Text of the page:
To study whether some rules were more prone to being broken than others, we focused on how complex each rule was. We coded each rule according to two types of complexity. First, we coded the number of components for each rule (i.e., its “size” based on the number of sections of the California State Code that make up the rule). For example, the rule about cooling methods was made up of only one section, whereas the rule about food-contact surfaces was made up of four different sections. Second, we coded the number of connections for each rule (i.e., its functional links to other rules in the system). Some rules were stand-alone, whereas others were linked to as many as five other rules, so that noncompliance with one rule might cause noncompliance with another. For example, the rule about food-contact surfaces was connected to five other rules about rodents, cockroaches, and other potential causes of dirty food-contact surfaces.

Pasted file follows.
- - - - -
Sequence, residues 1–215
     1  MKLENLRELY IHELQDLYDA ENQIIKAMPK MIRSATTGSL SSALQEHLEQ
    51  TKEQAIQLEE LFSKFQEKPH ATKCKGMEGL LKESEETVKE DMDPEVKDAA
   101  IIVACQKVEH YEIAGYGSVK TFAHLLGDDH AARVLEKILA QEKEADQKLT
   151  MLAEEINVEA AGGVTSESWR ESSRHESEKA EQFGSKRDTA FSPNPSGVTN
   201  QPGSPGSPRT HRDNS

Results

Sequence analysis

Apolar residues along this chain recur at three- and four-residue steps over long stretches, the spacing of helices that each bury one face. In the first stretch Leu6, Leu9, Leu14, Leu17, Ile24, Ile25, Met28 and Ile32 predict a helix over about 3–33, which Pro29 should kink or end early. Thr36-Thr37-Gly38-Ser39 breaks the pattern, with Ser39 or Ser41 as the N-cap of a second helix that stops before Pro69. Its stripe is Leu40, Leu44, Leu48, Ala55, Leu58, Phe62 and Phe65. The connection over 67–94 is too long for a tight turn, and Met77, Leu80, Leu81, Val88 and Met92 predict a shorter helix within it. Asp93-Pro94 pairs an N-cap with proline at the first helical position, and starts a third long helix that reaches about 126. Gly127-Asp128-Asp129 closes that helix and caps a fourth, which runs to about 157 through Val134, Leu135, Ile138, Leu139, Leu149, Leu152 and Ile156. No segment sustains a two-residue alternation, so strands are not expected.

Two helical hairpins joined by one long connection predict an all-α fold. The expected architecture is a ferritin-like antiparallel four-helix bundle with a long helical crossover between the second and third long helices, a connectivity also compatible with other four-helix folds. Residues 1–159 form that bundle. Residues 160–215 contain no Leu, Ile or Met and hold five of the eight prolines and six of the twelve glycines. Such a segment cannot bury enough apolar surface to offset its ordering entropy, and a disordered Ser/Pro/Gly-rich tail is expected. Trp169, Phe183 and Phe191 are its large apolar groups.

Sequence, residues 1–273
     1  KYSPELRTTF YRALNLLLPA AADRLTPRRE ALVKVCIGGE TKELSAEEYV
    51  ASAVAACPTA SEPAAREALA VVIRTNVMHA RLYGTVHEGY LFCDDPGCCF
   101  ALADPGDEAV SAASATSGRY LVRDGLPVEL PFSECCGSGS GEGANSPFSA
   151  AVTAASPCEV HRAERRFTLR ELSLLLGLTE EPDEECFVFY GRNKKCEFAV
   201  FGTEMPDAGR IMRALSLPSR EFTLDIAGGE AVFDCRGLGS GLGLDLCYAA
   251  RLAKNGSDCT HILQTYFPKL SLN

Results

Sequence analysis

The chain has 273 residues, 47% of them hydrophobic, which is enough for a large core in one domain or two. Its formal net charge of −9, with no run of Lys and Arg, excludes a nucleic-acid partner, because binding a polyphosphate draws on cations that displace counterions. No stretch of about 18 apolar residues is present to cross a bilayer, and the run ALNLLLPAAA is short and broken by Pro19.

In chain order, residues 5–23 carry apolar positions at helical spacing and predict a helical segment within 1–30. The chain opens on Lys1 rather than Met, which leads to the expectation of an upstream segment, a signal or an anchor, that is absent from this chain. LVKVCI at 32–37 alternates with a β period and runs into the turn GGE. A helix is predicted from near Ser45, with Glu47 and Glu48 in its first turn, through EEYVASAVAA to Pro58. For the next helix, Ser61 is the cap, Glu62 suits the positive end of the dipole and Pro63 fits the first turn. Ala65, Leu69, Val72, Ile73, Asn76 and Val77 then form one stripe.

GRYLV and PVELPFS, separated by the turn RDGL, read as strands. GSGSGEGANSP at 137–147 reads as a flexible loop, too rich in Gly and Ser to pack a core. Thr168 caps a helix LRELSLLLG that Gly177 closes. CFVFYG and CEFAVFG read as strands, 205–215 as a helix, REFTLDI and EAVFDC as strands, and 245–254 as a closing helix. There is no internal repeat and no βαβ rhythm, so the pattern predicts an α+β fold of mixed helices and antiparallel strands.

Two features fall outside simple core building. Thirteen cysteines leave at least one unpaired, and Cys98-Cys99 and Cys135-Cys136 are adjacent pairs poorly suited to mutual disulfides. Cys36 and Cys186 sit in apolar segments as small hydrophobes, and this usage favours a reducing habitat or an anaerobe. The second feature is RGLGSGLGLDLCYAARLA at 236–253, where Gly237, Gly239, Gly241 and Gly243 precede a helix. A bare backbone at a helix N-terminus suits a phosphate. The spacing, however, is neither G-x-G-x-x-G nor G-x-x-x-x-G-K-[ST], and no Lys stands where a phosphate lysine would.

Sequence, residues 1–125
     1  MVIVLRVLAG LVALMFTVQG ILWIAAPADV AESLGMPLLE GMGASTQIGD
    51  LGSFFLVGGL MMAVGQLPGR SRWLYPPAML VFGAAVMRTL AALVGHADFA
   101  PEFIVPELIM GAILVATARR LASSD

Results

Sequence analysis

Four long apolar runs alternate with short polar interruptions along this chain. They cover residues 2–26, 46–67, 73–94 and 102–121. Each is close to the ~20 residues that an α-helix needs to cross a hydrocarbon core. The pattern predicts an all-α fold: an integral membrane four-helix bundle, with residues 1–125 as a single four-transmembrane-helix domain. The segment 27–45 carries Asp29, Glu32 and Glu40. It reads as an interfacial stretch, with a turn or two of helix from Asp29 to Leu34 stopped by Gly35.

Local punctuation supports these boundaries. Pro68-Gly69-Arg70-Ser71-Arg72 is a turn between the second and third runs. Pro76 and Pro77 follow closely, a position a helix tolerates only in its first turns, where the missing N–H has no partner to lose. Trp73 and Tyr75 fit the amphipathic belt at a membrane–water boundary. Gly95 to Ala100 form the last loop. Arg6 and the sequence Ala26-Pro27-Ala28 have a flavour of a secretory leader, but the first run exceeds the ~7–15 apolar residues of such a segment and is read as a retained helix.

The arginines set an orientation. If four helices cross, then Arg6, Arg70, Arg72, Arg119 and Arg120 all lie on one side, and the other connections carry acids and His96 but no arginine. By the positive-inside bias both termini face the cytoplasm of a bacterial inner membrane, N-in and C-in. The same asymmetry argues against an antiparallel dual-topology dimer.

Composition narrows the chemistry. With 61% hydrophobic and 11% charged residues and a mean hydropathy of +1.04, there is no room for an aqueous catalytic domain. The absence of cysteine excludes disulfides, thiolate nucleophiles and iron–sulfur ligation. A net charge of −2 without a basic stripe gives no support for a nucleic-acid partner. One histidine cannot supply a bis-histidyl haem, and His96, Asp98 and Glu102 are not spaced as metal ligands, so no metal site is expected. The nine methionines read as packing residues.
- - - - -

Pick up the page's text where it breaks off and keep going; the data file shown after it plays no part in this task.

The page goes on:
Our intuition was that rules that were high in either type of complexity would be harder to follow. Because organizations rely on routines for following rules, complex rules would require complex routines, which would be harder to execute reliably. As expected, both types of rule complexity increased noncompliance. The two also reinforced one another such that having many components and connections made it far more likely that the rule would be broken. Compared to a stand-alone rule with a single component, a rule that had three components and was connected to one other rule in the system was 78% more likely to be violated, all else being equal.